Much like the rest of America, I'm a little screwy when it comes to the Root Of All Evil. Unlike most, it's not a thirst for the green or paranoia about it that perverts me, but a deep loathing. I've come to realize that I'm a pretty classist person. Not a class-warrior, but someone with definite hangups about dough. It comes down to a sense of missing opportunities and powerlessness because there are certain barriers I see holding me back that require money to pass.
|I'm not after money and dominion, nor am I a bonafide blue-collar hero... just a clown, really.
I've come to realize, and am working on accepting, that I'm an ambitious power-hungry person. I'm wary of the corrupting nature of unchecked power, but that doesn't mean I don't crave it. I look around me and I see innumerable things that I would like to change, and the chief thing that stops me from being able to do so is a lack of power. In this society, money/capital is a necessary component to power, and it's one that I clearly lack. Thus my ambition, and the frustration thereof due to a lack of disposable income, leads me to feel contempt and envy towards people who come from affluent backgrounds.
Beyond the personal, on a macro-level I to see the concentration of financial might as producing little of value. What the wealthy do together is usually boring at best, but often wasteful and destructive. If you remove the element of eccentricity that can filter in when wealth is personal and enter into the franchised world of corporate wealth the picture becomes even more bleak, a long, hotel hallway designed to project affluence from the threat of originality, from change, a world rife with completely non-threatening displays of consumption. Wealth is conservative by nature, and that ain't me.
So I'm doubly fucked in the head by this: on the one hand I thirst for the power and influence that money can garner -- a seat at the board room table, so to speak -- and at the same time I'm repulsed by what goes on in these institutions. This ideological conflict is further compounded by the personal spite I feel towards people who (to my mind) have it easy. I'm pretty good at mitigating this when it comes to my friends, but with strangers I often make snap judgments based on perceived class without sparing a conscious thought. This colors my everyday actions to a huge degree. Living in a city which contains some of the greatest concentrations of wealth in the world, nary a day goes by without me contemptuously snorting, laughing, sighing, spitting or just mentally giving someone the finger over some perception of class.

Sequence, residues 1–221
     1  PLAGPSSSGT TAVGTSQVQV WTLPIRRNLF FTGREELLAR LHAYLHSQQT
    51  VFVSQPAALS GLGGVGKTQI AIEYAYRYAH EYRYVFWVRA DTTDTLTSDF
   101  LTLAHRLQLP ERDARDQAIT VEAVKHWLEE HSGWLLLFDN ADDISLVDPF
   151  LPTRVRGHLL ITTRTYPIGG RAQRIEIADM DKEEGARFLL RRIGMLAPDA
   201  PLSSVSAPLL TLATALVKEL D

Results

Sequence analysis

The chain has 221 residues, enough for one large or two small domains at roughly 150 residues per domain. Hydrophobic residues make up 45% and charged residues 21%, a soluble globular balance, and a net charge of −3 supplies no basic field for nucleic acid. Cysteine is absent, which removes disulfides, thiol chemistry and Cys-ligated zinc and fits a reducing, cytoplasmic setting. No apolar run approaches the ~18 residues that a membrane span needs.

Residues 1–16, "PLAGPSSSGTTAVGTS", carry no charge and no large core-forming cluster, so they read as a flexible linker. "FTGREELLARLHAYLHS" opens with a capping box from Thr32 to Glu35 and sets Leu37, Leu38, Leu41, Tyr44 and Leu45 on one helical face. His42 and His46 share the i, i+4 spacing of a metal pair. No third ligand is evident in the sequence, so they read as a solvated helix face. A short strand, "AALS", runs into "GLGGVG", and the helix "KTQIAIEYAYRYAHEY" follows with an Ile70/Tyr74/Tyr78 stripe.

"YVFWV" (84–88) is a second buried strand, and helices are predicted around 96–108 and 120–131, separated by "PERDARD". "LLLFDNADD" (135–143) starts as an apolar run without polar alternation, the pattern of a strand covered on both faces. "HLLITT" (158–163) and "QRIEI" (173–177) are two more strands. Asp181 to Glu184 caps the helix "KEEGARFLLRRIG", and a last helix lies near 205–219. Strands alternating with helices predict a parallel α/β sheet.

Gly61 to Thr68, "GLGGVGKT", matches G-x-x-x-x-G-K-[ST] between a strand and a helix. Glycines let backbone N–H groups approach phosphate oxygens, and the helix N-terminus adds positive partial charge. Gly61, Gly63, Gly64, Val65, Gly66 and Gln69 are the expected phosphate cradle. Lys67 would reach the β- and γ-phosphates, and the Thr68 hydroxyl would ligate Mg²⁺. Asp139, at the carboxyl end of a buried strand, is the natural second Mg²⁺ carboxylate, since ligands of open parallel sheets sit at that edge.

The trouble is, being classist doesn't help resolve any class problems. My desires are about power more than money. Money itself is shit. I have little interest in or tolerance for the leisure/luxury class. To some degree they prop up the great pyramid scheme that is modern mass consumer capitalism, but they don't add a lot to the game. I resent their look-down-their-nose attitude, but I'm sure they resent my bristling faux-blue-collar pride.
There's the rub. For the most part, rich kids are ok. They're not like the brats in middle school who mocked me for having discount sneakers, and I'm not all that working-class either: eventually my dad got me some Air Jordans for christmas. Negativity breeds itself. It's contagious, so when I stare down some poncy trust-funded W-burg hipster from my bicycle, that's just reinforcing (or worse, planting the seeds) of his distaste for bike-riding plebeians. Next time around he'll make some jackass comment at a pedaling messenger and the cycle will continue. Because we don't see each other as people, we increase the discontent.
In the end, I really like some of the trappings of class. I enjoy good food and fine art. I appreciate expert-engineered technology and quality craftsmanship. I like stylish, comfortable clothing and expensive education. I just don't dig the snobby elitist attitude that comes along with a lot of it. That and I don't dig the competitive nature of the bourgeois, keeping up appearances, who's got the best car, etc etc etc. It all seems so beside the point.
These days I'm aware of my class prejudice, and though it's based on some of my core beliefs, I don't think I need to cling to it to hang on to my own identity. That doesn't mean I'm over it. Because fuck anyone who thinks they're better than me just because they can afford to buy shit. You're worse! Much much worse! But I'll still try to love you, because you probably need it pretty badly. And hey, maybe you give a little in return and we all get well.